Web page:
A new state 911 mandate has created some confusion on the phone lines in Putnam County, but is helping to save lives in medical emergencies, says Dave Costin, Putnam County 911 director.
The Indiana State Legislature required 911 centers to implement an Emergency Medical Dispatch (EMD) program in 2003. Putnam County 911 activated its EMD program last August and, according to Costin, the system is meeting all requirements.
So what is EMD? Just as an aircraft pilot goes through a check list before taking off, a 911 dispatcher is required to go through a check list of questions and instructions with any person calling 911 to report a medical emergency. This scripted method of questions and instructions is the heart of EMD.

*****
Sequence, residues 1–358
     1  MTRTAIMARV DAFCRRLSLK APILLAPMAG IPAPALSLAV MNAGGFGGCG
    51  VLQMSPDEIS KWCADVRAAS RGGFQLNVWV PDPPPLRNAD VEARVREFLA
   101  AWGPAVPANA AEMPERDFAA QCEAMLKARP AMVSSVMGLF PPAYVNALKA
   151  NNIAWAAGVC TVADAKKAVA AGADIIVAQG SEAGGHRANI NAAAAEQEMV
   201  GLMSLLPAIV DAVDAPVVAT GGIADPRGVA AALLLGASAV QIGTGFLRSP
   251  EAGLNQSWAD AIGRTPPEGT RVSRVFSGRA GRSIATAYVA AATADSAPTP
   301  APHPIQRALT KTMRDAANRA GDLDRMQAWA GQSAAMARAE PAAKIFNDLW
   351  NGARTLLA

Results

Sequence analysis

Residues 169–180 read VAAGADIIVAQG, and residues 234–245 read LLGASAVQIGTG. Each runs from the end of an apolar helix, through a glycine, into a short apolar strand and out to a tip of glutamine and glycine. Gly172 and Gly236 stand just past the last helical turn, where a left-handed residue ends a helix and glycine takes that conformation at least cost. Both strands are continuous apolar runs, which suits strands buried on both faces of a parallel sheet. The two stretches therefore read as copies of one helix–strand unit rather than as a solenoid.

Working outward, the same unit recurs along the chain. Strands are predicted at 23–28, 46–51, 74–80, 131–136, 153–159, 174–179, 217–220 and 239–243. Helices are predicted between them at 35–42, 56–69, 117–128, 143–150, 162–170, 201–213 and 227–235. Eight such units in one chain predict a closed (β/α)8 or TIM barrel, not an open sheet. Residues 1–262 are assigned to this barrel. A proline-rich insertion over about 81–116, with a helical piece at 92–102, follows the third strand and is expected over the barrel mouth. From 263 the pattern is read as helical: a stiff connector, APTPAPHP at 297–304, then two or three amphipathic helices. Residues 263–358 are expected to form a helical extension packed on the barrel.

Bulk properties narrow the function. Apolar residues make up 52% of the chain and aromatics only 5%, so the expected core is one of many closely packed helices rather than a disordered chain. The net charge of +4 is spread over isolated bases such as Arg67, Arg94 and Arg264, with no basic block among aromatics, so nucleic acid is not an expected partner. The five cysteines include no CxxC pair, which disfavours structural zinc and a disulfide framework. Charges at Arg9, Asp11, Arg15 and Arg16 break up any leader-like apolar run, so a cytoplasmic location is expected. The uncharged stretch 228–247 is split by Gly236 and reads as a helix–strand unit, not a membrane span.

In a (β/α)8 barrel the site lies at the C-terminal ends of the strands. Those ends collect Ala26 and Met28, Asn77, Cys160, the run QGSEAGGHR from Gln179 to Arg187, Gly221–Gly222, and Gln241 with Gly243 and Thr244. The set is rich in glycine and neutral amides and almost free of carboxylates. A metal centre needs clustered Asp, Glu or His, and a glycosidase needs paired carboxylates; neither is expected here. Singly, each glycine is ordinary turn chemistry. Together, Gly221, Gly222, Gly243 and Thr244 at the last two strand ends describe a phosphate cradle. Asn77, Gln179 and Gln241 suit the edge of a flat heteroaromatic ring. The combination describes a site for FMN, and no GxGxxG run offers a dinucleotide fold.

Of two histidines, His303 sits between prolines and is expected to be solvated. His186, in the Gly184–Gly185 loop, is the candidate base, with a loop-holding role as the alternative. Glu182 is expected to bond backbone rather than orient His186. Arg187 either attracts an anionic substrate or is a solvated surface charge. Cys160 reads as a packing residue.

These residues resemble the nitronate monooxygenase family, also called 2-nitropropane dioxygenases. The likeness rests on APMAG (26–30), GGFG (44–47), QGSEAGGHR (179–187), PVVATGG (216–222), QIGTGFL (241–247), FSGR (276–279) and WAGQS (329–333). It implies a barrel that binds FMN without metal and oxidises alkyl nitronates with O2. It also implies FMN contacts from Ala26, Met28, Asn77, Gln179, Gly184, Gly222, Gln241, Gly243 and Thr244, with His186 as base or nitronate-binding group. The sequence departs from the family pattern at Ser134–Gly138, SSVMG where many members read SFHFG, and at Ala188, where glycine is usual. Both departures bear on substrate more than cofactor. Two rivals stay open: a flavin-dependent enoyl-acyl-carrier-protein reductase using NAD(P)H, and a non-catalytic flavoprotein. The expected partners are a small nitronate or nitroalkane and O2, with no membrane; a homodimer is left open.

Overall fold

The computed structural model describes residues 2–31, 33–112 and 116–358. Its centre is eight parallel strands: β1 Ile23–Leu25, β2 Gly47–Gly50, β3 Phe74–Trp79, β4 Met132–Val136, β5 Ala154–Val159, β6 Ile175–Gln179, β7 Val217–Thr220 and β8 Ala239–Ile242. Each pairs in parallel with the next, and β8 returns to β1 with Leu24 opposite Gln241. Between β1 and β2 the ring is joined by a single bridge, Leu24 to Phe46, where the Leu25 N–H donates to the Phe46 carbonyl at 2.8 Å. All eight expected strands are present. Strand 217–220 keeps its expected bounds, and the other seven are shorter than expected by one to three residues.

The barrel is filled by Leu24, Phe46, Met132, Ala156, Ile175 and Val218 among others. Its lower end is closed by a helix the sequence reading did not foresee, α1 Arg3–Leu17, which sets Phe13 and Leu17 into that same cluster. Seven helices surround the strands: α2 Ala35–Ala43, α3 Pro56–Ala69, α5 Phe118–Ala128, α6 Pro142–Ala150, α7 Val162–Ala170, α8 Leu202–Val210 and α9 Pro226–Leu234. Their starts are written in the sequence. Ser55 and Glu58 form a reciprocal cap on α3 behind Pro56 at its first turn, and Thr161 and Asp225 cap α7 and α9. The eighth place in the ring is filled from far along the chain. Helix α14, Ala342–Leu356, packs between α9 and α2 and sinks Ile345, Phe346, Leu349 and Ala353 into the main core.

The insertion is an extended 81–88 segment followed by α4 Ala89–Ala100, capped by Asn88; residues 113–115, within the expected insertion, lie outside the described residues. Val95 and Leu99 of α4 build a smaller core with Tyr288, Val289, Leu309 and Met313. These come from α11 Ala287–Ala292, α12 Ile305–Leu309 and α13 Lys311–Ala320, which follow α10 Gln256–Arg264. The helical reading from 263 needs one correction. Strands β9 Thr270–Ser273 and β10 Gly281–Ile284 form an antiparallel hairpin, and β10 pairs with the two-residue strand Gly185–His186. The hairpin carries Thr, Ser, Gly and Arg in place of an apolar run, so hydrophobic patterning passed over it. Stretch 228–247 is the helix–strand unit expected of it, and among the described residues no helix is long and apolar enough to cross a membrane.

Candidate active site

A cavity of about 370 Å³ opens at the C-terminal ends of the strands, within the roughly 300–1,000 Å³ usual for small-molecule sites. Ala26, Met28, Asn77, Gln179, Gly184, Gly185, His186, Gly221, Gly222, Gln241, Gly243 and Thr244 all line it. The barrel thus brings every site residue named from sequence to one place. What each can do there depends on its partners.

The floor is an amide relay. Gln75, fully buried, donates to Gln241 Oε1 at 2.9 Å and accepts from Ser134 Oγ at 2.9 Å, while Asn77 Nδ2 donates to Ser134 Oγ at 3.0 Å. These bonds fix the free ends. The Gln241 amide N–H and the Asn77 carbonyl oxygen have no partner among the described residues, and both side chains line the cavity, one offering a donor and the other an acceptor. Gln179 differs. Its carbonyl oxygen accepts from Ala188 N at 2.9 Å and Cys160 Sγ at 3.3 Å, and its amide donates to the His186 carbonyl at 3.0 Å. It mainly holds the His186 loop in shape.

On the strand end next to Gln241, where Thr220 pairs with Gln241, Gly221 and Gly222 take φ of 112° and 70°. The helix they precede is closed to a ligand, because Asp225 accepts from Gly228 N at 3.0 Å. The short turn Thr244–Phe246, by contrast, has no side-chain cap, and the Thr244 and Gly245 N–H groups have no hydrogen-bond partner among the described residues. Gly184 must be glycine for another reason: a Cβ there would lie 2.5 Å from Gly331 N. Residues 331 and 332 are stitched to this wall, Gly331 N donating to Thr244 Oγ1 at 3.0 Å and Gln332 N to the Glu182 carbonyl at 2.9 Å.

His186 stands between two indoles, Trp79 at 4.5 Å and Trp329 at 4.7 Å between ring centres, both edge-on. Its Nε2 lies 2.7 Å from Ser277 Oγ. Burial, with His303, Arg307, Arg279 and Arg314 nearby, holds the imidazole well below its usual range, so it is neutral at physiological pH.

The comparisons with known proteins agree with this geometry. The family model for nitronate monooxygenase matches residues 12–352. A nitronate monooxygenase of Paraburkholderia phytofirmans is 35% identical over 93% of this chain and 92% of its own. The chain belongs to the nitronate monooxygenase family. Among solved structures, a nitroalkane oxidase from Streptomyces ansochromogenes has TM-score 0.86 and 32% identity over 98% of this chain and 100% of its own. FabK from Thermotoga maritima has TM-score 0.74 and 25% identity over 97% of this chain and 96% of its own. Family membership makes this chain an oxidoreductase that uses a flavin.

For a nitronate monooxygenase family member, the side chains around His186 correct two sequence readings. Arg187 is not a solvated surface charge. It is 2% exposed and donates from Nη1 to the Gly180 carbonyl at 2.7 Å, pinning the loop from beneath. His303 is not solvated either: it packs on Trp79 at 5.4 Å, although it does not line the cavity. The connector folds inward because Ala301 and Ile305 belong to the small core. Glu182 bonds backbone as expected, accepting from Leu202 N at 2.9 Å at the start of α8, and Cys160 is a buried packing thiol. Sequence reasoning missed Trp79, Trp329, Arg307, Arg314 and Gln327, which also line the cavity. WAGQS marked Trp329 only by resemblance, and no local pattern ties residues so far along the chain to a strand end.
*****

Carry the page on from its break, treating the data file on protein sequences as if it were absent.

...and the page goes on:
On the surface, it may seem that the dispatcher is asking a great many tedious and unnecessary questions, but on average, the questions only take one minute to cover. According to Costin, the information gathered is necessary for the dispatcher to determine what type of ambulance to send, how to send it and what care giving and even life saving instructions to give the caller to properly help the patient until responders arrive.
The EMD system requires that and emergency room physician provides oversight, requires dispatcher training and, most importantly, requires a quality assurance method where calls are systematically reviewed and the performance of dispatchers evaluated.
EMD has been shown to reduce traffic accidents resulting from improper response of emergency vehicles, Costin said, and instructions given to callers by dispatchers, including CPR, have been shown to save lives.